The International Monetary Fund has warned that the UK’s departure from the EU without a deal would cause significant economic trouble across Europe and nobody would come out as a winner, The Guardian reports.
The new Brexit secretary, Dominic Raab, warned Europe to prepare for a no-deal Brexit, but the IMF says it would hurt the UK the most, as well as cause economic damage for the other EU nations.
The IMF says economic growth in the remaining 27 EU states could fall by as much as 1.5 percent by 2030 if the UK falls back on WTO rules for trade with the EU after Brexit. The UK’s economic output would drop by about 4 percent, and Ireland would suffer almost as much due to its strong ties to Britain.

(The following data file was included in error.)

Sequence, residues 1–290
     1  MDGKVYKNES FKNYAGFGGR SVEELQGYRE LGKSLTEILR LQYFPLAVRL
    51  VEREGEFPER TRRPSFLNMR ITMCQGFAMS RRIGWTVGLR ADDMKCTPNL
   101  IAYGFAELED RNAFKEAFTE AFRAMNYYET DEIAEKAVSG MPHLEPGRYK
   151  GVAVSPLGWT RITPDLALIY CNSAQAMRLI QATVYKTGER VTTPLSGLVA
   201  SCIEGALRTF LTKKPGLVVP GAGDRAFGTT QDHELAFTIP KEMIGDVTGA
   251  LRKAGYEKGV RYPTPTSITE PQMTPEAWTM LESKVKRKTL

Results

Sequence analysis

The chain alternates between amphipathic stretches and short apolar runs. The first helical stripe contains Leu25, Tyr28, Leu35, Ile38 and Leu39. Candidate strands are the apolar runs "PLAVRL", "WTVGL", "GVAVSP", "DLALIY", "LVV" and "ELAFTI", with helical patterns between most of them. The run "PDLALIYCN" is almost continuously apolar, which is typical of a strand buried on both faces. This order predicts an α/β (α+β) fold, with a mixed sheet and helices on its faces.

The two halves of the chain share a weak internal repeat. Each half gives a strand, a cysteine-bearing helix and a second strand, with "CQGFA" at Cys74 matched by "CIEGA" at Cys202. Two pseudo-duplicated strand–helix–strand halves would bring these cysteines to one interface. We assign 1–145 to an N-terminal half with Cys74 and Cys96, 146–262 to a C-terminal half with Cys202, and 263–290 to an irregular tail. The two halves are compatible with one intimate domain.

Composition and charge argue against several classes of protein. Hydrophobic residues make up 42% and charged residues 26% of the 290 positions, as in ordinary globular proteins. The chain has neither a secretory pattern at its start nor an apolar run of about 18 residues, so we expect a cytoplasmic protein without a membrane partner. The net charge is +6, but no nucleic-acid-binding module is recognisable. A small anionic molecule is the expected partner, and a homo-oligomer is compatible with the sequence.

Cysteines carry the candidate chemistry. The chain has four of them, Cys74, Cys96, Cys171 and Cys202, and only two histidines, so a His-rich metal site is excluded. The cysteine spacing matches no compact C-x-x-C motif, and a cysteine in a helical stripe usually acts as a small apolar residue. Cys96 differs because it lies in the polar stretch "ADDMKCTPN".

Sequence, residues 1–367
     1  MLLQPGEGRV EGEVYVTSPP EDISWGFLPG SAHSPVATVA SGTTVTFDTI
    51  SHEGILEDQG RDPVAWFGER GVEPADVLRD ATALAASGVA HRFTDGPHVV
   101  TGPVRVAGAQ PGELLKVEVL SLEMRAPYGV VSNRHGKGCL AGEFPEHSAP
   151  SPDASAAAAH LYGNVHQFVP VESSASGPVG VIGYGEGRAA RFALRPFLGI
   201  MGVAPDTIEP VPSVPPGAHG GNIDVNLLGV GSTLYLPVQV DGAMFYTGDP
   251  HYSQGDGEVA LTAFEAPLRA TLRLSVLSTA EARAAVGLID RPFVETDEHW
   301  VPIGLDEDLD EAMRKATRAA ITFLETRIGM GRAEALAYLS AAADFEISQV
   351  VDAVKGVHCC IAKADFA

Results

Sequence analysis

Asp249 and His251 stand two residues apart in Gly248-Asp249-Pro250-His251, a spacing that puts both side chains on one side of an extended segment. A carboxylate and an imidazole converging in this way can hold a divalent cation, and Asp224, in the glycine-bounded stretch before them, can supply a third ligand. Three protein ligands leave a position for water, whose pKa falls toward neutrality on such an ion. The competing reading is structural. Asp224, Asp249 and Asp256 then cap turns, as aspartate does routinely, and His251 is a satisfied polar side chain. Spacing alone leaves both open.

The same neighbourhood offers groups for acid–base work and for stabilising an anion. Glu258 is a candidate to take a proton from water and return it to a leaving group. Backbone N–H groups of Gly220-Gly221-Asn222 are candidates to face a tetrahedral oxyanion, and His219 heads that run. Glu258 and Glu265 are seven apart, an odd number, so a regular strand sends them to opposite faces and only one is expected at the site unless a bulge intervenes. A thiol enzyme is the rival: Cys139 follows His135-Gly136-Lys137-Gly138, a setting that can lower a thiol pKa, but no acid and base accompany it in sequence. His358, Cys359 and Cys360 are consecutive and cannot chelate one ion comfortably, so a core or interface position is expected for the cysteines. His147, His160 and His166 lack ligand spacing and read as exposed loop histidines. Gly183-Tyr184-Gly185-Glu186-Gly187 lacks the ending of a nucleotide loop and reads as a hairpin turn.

The long-term impact of a hard Brexit would also be spread across the EU as the UK is among the Union’s top three trading partners, accounting for 13 percent of trade.
Mahmood Pradhan, the deputy director for the European department at the IMF, said: “We are very concerned. It’s quite late in the process and we don’t see any clarity yet on the future relationship and we’re getting near some important deadlines.”
The fund also warned that a free trade agreement between London and Brussels – the option Theresa May prefers – would still have many negative consequences for both sides, as GDP could drop by as much as 0.5 percent across the EU, while the UK and Ireland would lose more than 2 percent.
The only “relatively benign” scenario for Brexit, says the IMF, would be if the UK remained a member of the European Economic Area, similarly to Norway, which would cause “negligible” losses for the economy.